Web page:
The Thin Air

Oh Boland – Spilt Milk


Hailing from Tuam, Garage Rock trio Oh Boland are in the middle of celebrating the release of their long awaited and triumphant debut LP Spilt Milk, touring and performing throughout a number of venues on the East Coast of the US. It’s been a busy time for the Galway lads of late, and the attention they’re no enjoying has been well earned. Oh Boland have already released a number of EP’s since their formation in 2012 and as was the case with these prior releases, Spilt Milk, released this Friday on San Diego label Volar Records, is driven by the same blunt spurges of sludgy and raw, pop punk they have become loved for. Despite the clear sense of unrefined intensity, the album rarely becomes truly aggressive, maintaining an overall uplifting tone.

A band renowned for their energetic live sets, they have managed to capture this sound in Spilt Milk.  Opener,‘Jane Russell’, sets the tone of the album and we are immediately introduced to the noisy yet oh-so-catchy riffs of guitarist and singer Niall Murphy that dominate the album. The remainder of the trio consists of Eanna MacDonnchadha on bass and the hard-hitting Simon McDonagh on drums. While the upbeat tempo is maintained throughout the majority of the album, ‘Night Walking’ breaks this down somewhat at the albums mid-point, providing a temporary release from the frantic energy with a track that brings to mind a sound not dissimilar to early Car Seat Headrest through Murphy’s vocals and the lo-fi sound.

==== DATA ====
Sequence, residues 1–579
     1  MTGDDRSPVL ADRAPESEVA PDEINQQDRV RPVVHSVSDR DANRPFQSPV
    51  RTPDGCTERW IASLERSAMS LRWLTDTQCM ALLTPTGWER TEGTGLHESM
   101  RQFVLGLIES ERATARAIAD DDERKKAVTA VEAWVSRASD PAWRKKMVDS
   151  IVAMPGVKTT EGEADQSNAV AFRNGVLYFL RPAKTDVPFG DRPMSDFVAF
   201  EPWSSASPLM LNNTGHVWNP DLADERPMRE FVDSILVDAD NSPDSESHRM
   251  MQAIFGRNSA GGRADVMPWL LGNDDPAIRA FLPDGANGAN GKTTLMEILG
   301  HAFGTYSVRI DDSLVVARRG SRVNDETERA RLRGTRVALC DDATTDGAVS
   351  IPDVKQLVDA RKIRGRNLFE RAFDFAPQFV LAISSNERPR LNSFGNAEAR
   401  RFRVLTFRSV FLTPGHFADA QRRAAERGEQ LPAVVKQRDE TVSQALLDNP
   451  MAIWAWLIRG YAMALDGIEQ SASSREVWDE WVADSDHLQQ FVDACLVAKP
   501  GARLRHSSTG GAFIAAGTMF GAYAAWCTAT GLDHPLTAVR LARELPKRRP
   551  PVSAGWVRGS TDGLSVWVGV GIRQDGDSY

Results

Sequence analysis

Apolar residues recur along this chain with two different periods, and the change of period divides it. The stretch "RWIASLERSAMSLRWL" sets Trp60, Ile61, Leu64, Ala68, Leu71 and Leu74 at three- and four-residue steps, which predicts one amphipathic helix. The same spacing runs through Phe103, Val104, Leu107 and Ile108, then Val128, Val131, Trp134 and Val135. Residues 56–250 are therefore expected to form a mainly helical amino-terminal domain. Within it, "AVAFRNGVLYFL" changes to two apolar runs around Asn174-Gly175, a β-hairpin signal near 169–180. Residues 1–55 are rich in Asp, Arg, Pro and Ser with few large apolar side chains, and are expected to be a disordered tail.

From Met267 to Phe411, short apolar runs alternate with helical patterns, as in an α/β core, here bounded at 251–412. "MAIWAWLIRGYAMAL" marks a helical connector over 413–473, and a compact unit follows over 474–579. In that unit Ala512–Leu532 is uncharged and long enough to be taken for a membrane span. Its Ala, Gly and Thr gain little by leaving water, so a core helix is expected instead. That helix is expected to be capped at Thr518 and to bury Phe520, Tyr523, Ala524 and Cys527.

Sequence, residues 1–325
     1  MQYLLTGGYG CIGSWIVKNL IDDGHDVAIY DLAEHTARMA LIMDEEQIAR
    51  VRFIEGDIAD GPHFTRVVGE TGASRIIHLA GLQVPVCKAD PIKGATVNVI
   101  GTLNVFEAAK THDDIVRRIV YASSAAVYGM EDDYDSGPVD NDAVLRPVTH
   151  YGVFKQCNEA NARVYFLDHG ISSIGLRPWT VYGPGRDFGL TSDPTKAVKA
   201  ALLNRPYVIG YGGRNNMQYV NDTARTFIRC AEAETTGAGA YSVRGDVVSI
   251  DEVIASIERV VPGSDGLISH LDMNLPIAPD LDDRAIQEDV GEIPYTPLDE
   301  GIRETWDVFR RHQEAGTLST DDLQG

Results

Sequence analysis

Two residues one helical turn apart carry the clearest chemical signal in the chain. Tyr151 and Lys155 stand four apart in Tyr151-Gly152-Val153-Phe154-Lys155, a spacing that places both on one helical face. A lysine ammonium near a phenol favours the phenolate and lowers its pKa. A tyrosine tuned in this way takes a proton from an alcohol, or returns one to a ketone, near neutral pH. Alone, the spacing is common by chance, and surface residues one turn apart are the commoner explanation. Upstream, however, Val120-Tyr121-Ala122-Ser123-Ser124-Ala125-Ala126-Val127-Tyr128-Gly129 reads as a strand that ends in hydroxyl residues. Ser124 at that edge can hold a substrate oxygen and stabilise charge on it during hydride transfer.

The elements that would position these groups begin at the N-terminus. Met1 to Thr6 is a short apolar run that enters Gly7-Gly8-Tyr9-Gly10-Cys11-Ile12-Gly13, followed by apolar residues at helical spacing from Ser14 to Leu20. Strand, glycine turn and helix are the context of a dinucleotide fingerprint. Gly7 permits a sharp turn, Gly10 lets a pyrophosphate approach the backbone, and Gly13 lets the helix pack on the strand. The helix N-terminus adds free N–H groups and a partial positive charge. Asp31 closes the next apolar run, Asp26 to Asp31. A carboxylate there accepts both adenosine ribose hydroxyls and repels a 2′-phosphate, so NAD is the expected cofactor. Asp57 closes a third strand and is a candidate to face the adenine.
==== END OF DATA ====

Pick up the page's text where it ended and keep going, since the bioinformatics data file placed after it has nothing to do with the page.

The boredom that has motivated so much of the trio’s music is evident in the lyrics throughout the album. An obvious example of this can be found in the following track, ‘Caller so Cold’ as Murphy sings: “So I go to work and then I come home and then I go to work again”. The monotony of working life in small town Ireland can perhaps be seen as one of the explanations as to where the group’s relentless stamina radiates from, using their pop punk sound as an output to the frustrations of said boredom. While Murphy’s often-cynical lyrics contribute to the overall ethos of passive rebellion, for the most part they appear relatively harmless and apolitical.

Evidently, the band have succeeded in putting together a bag of catchy riffs and hooks that are perfectly suited to the fun-loving pub atmopshere where their rough and ready sound will thrive and their audience grow. The recording captures this and works well in emphasising the skill the band have at live performances with the level of vitality they bring to the bar-room table. While lyrics from ‘First Dog’s Death’ ironically state; “I guess that I wasted all my time, I just like these stupid lines to rhyme” the opposite can be said for the lads and they now find themselves down promising new roads. Thankfully, the trio’s catchy riffs and rhymes have got them to a very positive place, both physically and metaphorically speaking, and we can all keenly await their return home with eager ears and a pint in hand. James Holohan